Fish-e Western Australia 2008

Challenger TAFE

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Background

Following immense enthusiasm and investment in aquaculture in Australia in the mid-1990s, the industry did not realise its potential in Western Australia because of factors such as wild-caught fish being relatively plentiful and reasonably priced, long delays in securing licenses from the regulatory authorities due to environmental concerns, unfavourable publicity for world-wide examples of environments being destroyed by aquaculture activities, and the major focus on close-shore developments which proved to be unsuited to the equipment and technologies available.
However, the position has substantially changed and investment has elevated aquaculture to the second largest seafood sector in WA. Aquaculture is the fastest growing primary industry in Australia with an increase of approx. 10% per annum.
The increased activity has generated labour shortages and the peak industry body for aquaculture in WA, the Aquaculture Council of Western Australia Inc. (ACWA) estimates an initial requirement of 100 extra jobs in the next 24 months. The labour shortage also affects the greater seafood industry because of competition from the resources and mining from metropolitan and rural workers.
The proposal to address strategic skill development needs is a blend of on-site (seafood industry workplaces) intensive short blocks of training and on-line delivery.
The elearning component of the blended strategy is:
• Elearning materials that facilitate the Pest, Predator and Diseases skill set.
• Updated components of the Aquaculture toolboxes.
• Communication, collaboration and knowledge sharing strategies.
• Induction strategies and guides for facilitators and students.
• Delivery of elearning materials through a learning management system such as Moodle, Blackboard or WebCT CE6, including course information; schedules; assessment requirements; assessment tools; course readings; links to websites; course content; media and so on.
Currently elearning resources for training in aquaculture and other seafood industries are limited and little has been done to provide flexible training in the workplace.
This project’s outcomes will increase the uptake of Australia-wide elearning in training organisations that deliver aquaculture training – both on-campus and in the workplace.

The Framework connections

What Framework products and services did you utilise in your project?
1. The Inland Aquaculture Toolbox – modified the unit, SFIAQUA503A Establish an aquaculture enterprise, to make it more navigable. The modified unit has been trialled as a CD resource with a student without access to the Internet.
2. VET Reload for packaging the Pest, Predator and Diseases unit as a SCORM learning object
3. E-gems seminar on using VET Reload to create SCORM learning objects
4. Toolbox champion and Elearning Innovations Project Manager at WestOne.
5. ARED for development of interactions in the Pest, Predator and Diseases unit.
6. Australian Flexible Learning Framework website
  • a. E-learning for industry
  • b. Practical guide to elearning for industry
  • c. Flexible learning toolboxes
  • d. WA webpage
  • e. E-standards for training reference site
  • f. E-events
  • g. LORN
  • h. E-portfolios
What outcomes or products will you share with the Framework community?
1. The Pest, Predator and Diseases learning object
2. The modified unit SFIAQUA503A Establish an aquaculture enterprise
3. The AquaEd Ning community
4. Outcomes of incorporating blogging into the elearning environment
5. Induction strategies and guides for students and staff.

Knowledge sharing

1. Sue Waters is working with Australian aquaculture educators to increase their elearning skills and interaction between trainers. To do this Sue:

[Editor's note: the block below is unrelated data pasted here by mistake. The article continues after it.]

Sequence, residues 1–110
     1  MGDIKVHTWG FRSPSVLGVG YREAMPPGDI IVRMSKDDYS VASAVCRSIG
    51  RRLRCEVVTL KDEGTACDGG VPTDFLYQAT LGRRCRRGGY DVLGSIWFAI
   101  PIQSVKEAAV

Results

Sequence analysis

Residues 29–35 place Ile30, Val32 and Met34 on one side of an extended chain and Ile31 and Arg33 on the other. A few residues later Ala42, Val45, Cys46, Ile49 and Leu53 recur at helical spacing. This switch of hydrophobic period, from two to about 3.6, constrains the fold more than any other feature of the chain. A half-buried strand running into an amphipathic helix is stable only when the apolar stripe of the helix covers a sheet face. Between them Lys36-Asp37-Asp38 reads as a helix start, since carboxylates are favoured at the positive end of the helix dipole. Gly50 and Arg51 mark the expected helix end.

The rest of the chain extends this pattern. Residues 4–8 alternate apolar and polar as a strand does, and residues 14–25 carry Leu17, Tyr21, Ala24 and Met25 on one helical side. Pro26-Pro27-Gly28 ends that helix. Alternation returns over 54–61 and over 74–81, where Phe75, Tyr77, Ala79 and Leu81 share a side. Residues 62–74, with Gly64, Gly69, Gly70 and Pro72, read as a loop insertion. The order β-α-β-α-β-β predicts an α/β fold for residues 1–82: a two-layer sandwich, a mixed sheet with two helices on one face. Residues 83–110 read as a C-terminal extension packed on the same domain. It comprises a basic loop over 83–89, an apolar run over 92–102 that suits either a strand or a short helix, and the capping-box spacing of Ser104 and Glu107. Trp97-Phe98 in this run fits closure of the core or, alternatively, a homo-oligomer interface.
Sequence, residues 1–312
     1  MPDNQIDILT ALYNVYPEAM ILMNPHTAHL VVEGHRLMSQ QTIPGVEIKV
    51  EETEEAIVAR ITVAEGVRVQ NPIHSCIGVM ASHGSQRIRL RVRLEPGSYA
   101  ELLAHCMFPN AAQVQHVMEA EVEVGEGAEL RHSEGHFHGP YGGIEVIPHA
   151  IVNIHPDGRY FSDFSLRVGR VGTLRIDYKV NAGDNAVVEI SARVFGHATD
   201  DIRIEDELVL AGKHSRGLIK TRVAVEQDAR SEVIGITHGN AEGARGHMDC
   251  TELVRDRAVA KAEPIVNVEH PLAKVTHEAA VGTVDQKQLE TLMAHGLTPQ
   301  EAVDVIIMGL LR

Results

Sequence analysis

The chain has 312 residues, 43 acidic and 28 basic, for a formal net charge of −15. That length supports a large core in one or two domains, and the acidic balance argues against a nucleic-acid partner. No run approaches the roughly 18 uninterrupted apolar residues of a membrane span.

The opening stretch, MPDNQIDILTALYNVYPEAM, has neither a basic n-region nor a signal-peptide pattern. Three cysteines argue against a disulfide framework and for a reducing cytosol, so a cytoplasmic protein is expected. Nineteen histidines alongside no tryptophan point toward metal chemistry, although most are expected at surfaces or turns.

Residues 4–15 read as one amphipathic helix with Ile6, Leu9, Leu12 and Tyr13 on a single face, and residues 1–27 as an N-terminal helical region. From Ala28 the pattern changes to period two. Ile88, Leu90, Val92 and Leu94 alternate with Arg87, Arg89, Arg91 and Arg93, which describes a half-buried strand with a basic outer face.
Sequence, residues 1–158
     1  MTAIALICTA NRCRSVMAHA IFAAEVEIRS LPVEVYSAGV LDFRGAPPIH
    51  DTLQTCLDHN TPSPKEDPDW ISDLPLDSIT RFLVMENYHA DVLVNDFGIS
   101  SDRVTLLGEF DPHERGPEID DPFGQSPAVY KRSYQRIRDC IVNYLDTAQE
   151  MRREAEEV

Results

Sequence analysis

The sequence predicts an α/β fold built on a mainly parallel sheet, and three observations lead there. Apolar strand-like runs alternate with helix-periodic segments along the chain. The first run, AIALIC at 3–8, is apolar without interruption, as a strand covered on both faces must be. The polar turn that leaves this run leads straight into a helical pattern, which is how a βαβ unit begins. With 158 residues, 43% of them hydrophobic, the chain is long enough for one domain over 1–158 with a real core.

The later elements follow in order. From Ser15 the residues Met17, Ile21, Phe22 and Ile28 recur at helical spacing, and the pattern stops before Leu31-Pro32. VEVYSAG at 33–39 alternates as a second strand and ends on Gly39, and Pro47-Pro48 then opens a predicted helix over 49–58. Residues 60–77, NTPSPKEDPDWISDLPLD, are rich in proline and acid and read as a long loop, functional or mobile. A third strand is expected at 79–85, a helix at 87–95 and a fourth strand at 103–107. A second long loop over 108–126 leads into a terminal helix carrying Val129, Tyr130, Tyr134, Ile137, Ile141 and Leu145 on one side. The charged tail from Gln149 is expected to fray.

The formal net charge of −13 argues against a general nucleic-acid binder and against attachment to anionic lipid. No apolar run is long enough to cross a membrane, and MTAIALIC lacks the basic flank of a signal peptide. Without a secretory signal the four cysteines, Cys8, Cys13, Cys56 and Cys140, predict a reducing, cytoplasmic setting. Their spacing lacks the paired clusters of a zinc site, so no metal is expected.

• has set up an online community at http://aquaed.ning.com/
  • is running free online PD sessions, using Elluminate, for community members and VET trainers
  • has invited community members to join her fortnightly Elluminate sessions with her online aquaculture students.
2. Establishing this community has paid dividends for the project because:
  • Peter Preece from TAFESA has shared his paper-based resources, videos and photos on pest, predator and diseases
  • Peter Preece from TAFESA has also interacted with her online students to share his knowledge and aquaculture experience
  • Lisa Terry from Natfish, NSW has shared videos & photos of fish diseases
  • Peter Preece, Glenn Varley ( Central West TAFE, Western Australia), Andrew Christie (NMIT, Victoria), Stuart Whitby (Sunshine TAFE, Queensland), Joe Coco (Tropical North Queensland TAFE), Dr James Harris (Flinders University, South Australia), Dos (David) O'Sullivan (Dosaqua Pty Ltd ) so far have agreed to check the content of the unit.
3. Dan Machin, Executive Officer, Aquaculture Council of WA, is a member of the project team. He identified from his members that Fish Diseases is a priority for training in the industry.
4. Dan Machin solicited input from ACWA members for the content of the pest, predator and diseases unit.
5. Dr Fran Stevens, Fish Pathologist, WA Fisheries Department, provided content for parts of the disease section.
6. Sue Waters met with members of the Marine Fish Growers group to discuss their training needs.
7. Sue Waters has trialled the use of a blog in conjunction with this type of course. Her blog posts are based on the topic, Fish Diseases, and her live online sessions (Elluminate) with her aquaculture students have been on this topic. She has recorded the sessions, which may be used as additional resources for the pest, predator and diseases unit. The blog URL is http://aquaculturepda.edublogs.org/

Building on essential infrastructure

1. The module, Pest, Predator and Diseases, will be SCORM compliant so that it can be uploaded from the toolbox repository or LORN into learning management systems such as Blackboard CE6 and Moodle.
2. The outcomes of Sue Waters’ blog trial are available to the public. Sue is also documenting progress on her blog.
3. Members of the aquaculture industry have a greater understanding of
  • the benefits of elearning and applications in their industry environment.
  • using sites such as Ning for networking, sharing ideas and information.
  • web conferencing and its applications.
  • learning management systems
4. The project illustrates how a combination of tools and applications are used to deliver training that is relevant to industry as well as to on-campus delivery.

Embedding E-learning

1. Industry consultation has been extensive
2. A representative from the Aquaculture Council of WA is on the project team
3. The project integrates Web 2.O applications with a learning management system
4. The pest, predator and diseases unit is SCORM compliant
5. Challenger TAFE has a strong focus on working with industry and community and this project demonstrates partnering with industry to produce an elearning module for the pest, predator and diseases skills sets.

Achievements